From every angle the home has specular views of the mountain range which it’s surrounded by.
The key focus of the home was to make it affordable because the Peralta’s didn’t want a mortgage to pay for their home.
The owner wanted a home that could be easily removed without leaving a mark, so no foundations were used to build the Cinco Camp.
Texas is hot and dry, so the architect of the camp placed shed metal canopy hovers for roofs over each container so the heat could be deflected away from the shipping container home. Three of the containers are used as rooms with bathrooms, one is used as the kitchen, and the last one is used as storage. The Nomad can comfortably sleep four and is meant to be self-contained with off grid capabilities. The Surf Shack was built by Hartman Kable to have a place where he could stay while on retreats on the Washington Coast when it gets too cold to go camping. Glass doors and windows have been added to allow sunlight and ventilation into the Surf Shack.
With the weather conditions of Colorado, making a home of recycled shipping container homes was not as economical as it would be in other areas because McMullin had to spend a fair amount of money in insulating the containers and anchoring them down.
WFH House was built in Wuxi, China and is 1,900 square feet with a slanted roof and living garden on top.
Needless to say, finding out the top 10 shipping container homes is almost entirely based on personal preference.
We’ll be revisiting some homes that we’ve featured before, as well as introducing some new ones.
The usage of a single blue shipping container to create this spectacular home leaves no room for squander. From the small garden on top, down to the clean tiles on the floor, this shipping container home has everything that anyone would ever want in his or her own home. This is primarily because there’s a limited amount of space for designers and architects for work with. A whole lot of thought has clearly been put into its design, especially the tree that grows through the flooring. It certainly deserves a placing in our top 10 list of shipping containers for its elevation and usage of black. However, this designer managed to line up this shipping container home with wooden pieces that are polished, and the results are impressive. Peace, serenity, and good vibes will all that you’ll feel if you had the opportunity to stay in this shipping container beach house. Situated in a forested area, there’s practically no need for you to incorporate any more greenery than what’s already around you. This is the perfect spot for you to embark on a jungle adventure or a hike through the woods. As we mentioned earlier, many of you might not agree with our rankings, especially since everything’s practically based on personal preference.
I looked and looked and could not find out much about it, so if you have any idea where it came from and who built it, please let me know in the comments. It will cost you upwards of $59,500 if you want one built for you by Seattle-based Hybrid Architecture. They just added the floor to ceiling windows and sliding glass doors to brighten it up along with all of the extra fixtures you see below to give it a more artistic flavor. The reason it’s so secure is because it has small windows and the larger ones can be completely enclosed to make it very challenging for a burglar to get into.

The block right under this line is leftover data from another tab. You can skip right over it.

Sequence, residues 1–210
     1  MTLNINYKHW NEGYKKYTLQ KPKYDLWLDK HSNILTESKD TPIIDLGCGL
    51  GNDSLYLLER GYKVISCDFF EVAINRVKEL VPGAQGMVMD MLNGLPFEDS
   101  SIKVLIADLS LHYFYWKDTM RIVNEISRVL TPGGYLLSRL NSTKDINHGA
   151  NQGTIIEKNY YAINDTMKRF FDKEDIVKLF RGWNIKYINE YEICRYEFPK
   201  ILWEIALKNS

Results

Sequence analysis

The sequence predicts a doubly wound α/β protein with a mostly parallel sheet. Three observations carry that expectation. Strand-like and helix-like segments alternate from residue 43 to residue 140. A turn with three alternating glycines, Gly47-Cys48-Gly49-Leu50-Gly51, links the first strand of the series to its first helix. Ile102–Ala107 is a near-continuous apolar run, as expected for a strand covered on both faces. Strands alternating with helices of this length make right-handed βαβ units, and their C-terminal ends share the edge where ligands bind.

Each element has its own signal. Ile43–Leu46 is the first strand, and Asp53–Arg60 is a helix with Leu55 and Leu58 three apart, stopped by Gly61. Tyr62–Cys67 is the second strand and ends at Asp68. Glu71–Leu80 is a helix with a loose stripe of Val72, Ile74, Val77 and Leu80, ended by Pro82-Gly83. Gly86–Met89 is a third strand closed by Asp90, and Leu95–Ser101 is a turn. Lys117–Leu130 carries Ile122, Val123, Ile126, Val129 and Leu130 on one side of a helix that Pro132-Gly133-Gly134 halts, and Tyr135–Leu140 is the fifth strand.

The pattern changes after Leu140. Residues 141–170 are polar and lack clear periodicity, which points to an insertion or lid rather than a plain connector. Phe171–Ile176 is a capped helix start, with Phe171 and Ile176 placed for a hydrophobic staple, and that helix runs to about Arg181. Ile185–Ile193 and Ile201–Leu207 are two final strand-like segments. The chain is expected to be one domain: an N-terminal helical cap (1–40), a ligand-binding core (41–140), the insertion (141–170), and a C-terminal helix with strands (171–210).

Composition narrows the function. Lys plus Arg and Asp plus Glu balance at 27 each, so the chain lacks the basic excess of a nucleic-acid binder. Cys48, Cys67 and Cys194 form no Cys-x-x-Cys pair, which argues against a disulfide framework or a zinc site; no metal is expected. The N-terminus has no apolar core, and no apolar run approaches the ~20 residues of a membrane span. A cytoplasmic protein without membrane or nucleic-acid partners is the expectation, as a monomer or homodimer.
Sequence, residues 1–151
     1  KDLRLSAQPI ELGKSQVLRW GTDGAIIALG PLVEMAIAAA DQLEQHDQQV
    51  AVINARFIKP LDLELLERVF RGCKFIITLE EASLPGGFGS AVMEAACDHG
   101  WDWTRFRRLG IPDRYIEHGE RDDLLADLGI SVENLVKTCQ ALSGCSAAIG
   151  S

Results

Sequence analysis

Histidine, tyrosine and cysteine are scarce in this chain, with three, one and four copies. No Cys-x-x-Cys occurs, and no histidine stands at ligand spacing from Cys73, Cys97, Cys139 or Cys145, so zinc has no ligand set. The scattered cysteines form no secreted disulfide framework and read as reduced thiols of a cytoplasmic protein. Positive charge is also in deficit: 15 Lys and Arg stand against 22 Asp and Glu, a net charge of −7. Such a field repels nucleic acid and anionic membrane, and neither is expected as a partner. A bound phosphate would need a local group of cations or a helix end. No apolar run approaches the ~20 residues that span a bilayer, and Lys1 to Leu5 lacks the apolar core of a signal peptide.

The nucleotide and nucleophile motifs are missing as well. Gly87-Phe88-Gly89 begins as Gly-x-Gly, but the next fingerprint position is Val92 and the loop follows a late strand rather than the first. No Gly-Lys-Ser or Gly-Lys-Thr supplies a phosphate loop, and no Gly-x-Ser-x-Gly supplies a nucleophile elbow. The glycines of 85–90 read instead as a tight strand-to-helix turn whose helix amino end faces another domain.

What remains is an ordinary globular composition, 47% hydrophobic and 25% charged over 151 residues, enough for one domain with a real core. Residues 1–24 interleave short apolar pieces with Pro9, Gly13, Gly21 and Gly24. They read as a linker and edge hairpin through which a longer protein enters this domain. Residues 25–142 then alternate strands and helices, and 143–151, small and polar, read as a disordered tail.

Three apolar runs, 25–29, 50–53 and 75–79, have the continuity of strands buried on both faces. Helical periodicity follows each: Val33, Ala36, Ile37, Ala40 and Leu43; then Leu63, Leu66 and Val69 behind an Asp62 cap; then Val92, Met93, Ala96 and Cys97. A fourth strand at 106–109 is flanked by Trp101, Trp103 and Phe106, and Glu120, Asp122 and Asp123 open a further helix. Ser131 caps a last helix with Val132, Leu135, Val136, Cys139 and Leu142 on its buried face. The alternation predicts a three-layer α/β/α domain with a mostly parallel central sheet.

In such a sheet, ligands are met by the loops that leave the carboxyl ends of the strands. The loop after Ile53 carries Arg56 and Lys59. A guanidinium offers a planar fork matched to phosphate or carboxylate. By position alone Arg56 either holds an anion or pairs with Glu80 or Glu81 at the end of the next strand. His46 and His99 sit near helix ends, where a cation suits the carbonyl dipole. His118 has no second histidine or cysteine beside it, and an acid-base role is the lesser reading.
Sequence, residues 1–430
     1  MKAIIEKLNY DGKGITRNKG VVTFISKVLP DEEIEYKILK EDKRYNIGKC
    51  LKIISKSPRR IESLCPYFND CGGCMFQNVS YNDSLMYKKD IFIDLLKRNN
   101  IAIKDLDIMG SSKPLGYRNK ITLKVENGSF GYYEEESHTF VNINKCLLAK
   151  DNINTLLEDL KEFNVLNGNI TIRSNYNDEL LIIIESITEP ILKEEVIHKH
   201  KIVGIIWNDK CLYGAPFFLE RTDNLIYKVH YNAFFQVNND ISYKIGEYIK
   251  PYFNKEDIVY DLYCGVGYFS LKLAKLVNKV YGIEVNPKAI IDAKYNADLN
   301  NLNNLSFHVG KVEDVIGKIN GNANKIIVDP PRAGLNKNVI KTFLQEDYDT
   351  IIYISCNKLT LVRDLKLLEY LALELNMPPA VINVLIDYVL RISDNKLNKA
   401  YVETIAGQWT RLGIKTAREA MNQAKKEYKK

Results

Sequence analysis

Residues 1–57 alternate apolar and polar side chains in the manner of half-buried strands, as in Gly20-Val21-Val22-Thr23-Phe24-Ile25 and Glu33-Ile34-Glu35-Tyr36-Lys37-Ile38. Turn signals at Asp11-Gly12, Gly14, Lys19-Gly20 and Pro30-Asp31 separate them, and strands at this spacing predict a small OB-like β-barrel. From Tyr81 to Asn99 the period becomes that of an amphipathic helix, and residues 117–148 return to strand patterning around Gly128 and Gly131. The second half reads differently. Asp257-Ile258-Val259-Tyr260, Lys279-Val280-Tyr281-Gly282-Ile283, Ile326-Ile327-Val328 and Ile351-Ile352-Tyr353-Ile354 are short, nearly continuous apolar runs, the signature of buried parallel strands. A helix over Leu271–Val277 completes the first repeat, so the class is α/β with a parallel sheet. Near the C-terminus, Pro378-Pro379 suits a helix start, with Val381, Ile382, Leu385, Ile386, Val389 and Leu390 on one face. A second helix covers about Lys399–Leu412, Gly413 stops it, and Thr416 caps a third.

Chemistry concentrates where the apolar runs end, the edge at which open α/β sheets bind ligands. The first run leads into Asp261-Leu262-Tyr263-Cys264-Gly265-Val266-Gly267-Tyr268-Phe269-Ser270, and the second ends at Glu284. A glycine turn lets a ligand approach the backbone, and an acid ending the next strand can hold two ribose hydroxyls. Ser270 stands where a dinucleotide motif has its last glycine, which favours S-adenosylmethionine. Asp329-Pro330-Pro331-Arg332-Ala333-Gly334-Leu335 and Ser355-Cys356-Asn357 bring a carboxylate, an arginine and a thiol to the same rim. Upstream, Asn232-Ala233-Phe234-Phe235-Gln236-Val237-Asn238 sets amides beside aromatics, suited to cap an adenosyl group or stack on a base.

PFNC’s mission, as it reads on their website is to raise the standard of living for families who currently reside in dangerous or substandard conditions. He has a passion for exploring and sharing tiny homes (from yurts and RVs to tiny cabins and cottages) and inspiring simple living stories. The first one looks interesting but I wonder how weather and bug-proof those slideouts are? I like the idea of using two or more containers to create outdoor spaces between them, then covering the entirety with a giant over-roof…giving one only a couple hundred sq. Properly insulated, it didn’t get warmer than any other structure and it was very economical to cool with an air conditioner. The amazing feature about this shipping container home is it opens and closes to add a deck big enough for patio furniture- the deck is off a small hill that adds elevation to your view of the mountains surrounding the home.
These container homes cost around $55,000 US dollars and are easily transportable because it only uses one regular 20 foot shipping container. Each home is made from Corten steel which is 100% recyclable, and comes fitted with insulation, solar panels, ventilation and rainwater collectors. The genius in the design is that the living room is located above the bed, providing privacy for the sleeping area with a curtain. The goal of this container home was to make and provide an economical and mobile home with cheap materials.
To make up for the sun and hot climate of Portugal, Aarssen had to build a second roof which provides extra ventilation for his guests. The home was built for the Peralta family in Costa Rica who wanted to live outside of the city with lots of land to enjoy the environment and their horses.